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Our Ambivalent Endorsement of Gina Haspel

In the extremely unlikely case we found ourselves a United States Senator we’d be inclined to vote to confirm President Donald Trump’s nominee for director of the Central Intelligence, Gina Haspel, but we’d do so with some ambivalence. Some of the arguments made for and against Haspel seem reasonable enough, but the rest of the arguments we’re hearing, both pro and con, strike us as downright dumb.
The fact that Haspel would be the agency’s first female director is entirely irrelevant, as far as our old-fashioned Republican sensibilities are concerned, so we were disappointed but not at all surprised that White House press secretary Sarah Huckabee Sanders “tweeted” that any opposition to a nominee with such career credentials as Haspel must be motivated by sexism. Way back in the ’16 presidential former First Lady and Senator and Secretary of State and Democratic nominee Hillary Clinton had the far more relevant career credentials for the job of president, despite the many reasons that awful woman was clearly unfit for the job, and even such Trump-averse Republicans as ourselves scoffed at the notion that anyone should ever vote for a candidate based on his or her sex. We still reject that silly claim, and Trump’s White House press secretary — of all people — playing the gender card strikes us as sillier yet.
The Democrats’ opposition to Haspel’s nomination has been led by up-and-coming and potential presidential contender California Sen. Kamala Harris, whose feminist credentials are by far more unassailable than Sanders’, and are based on on an arguable complaint that Haspel’s otherwise exemplary career in the CIA included a stint at overseeing an overseas outpost where where she oversaw an operation that included harsh interrogations of captured suspected terrorists. Haspel admits giving the green to light to “waterboarding” and other undeniably harsh interrogation techniques that Democrats then and now regard as torture. Although she testified has testified before congress that we will eschew such methods in the future, Haspel has also has refused to condemn their use in the past, so the Democrats’ opposition to her nomination doesn’t seem at all hypocritical even if she is a woman potentially empowered to be the first woman director of the CIA.
On the the other hand, we’re not at all convinced that Haspel was overly harsh in the interrogations she oversaw. They happened shortly after Al-Qaeda’s terrorist attacks killed more than 3,000 Americans on Sept. 11, 2001, after all, and didn’t involve anything that American troops weren’t trained to endure as they went off to fight various wars in response to that aggression. We’re the queasy sorts who are unable to watch a Quentin Tarantino movie, but even after all these years we’d still countenance getting medieval on some suspected terrorists in those extraordinarily rare “ticking time bomb” situations that only seem to occur in the movies, and we acknowledge it’s a complicated question Haspel faced during an otherwise exemplary career.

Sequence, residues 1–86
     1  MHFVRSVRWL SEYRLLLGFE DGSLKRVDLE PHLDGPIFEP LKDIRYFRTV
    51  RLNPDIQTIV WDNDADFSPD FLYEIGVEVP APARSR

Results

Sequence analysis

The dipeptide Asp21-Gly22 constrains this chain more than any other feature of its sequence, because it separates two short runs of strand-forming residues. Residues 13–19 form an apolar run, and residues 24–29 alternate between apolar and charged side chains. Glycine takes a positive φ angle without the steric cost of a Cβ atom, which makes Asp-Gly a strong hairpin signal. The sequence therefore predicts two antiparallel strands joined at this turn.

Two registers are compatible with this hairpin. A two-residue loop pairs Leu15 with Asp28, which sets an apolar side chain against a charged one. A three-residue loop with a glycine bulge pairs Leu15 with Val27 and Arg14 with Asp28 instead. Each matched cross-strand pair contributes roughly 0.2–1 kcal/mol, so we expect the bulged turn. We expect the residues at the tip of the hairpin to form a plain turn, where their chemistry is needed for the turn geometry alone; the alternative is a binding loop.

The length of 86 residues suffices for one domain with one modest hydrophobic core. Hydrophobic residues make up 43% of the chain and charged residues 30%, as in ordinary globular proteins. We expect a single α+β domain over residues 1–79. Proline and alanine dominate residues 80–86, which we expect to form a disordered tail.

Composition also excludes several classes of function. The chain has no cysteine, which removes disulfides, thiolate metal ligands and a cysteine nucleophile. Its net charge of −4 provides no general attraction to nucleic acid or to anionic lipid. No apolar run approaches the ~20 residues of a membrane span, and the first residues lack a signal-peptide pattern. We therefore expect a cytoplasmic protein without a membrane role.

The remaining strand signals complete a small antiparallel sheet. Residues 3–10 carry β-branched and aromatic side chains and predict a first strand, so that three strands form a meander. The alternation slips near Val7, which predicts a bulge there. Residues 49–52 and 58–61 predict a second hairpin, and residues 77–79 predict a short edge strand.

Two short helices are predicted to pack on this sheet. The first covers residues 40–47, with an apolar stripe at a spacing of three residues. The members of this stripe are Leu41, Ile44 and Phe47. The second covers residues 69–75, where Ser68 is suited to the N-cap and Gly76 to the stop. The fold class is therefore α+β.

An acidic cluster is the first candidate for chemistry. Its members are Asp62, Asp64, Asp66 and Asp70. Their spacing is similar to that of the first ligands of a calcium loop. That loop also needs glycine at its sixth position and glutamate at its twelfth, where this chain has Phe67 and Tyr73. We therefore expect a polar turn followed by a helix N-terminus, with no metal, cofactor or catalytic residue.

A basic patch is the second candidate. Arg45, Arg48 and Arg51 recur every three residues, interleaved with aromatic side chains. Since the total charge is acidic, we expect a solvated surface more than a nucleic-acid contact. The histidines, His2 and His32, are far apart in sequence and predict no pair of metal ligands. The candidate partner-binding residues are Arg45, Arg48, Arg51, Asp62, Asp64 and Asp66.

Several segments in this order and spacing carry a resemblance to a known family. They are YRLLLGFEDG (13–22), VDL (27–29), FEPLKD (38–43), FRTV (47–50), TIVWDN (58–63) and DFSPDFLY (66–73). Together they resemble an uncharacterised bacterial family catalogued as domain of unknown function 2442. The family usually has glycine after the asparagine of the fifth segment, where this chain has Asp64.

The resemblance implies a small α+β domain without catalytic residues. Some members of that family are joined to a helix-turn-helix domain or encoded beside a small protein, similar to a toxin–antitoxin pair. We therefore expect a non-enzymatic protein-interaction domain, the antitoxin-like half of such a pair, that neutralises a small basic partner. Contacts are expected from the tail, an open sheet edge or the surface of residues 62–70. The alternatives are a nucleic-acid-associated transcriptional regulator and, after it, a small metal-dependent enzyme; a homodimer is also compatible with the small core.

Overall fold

On yet another hand, neither are we comfortable with Trump’s and his reconfigured Republican party’s newfound enthusiasm for torture.
During the campaign Trump slanderously excoriated Republican President George W. Bush for lying his way into mercenary wars in Afghanistan and Iraq, and also blamed his processors for being weak-kneed against Islamist terrorism. He vowed that he would he would go way beyond mere “waterboarding” with suspected terrorists, not just in a rare “ticking time bomb” situation but on a regular basis, kill all the families of any suspected terrorists, summarily shoot any suspected terrorists with bullets dipped in pig’s blood, and fire anyone who defied to his orders to commit such internationally-regognnized war crimes. He also derided all his Republican primary opponents who disagreed as “pussies,” and somehow that vulgar argument wound up winning the Republican nomination and eventually the presidency.
Among the few Republicans opposing Haspel’s nomination in Arizona Sen. John McCain, who suffered five years of undeniable torture in a North Vietnamese prison camp during the Vietnam war, three of them voluntarily after he selflessly refused an early release because of his family’s clout rather than desert his comrades and hand the enemy a propaganda victory, which gives us respectful pause about Haspel’s nomination. During the last campaign the draft-dodging Trump said that McCain was only a hero “because he got caught, and I hate to tell you but I like a guy who didn’t get caught,” and although we’re still proud to vote cast our vote despite our many complaints about ┬áRepublican nominee McCain way back in ’12 we are also proud that we didn’t vote for either Trump or that awful Clinton woman back in ’16.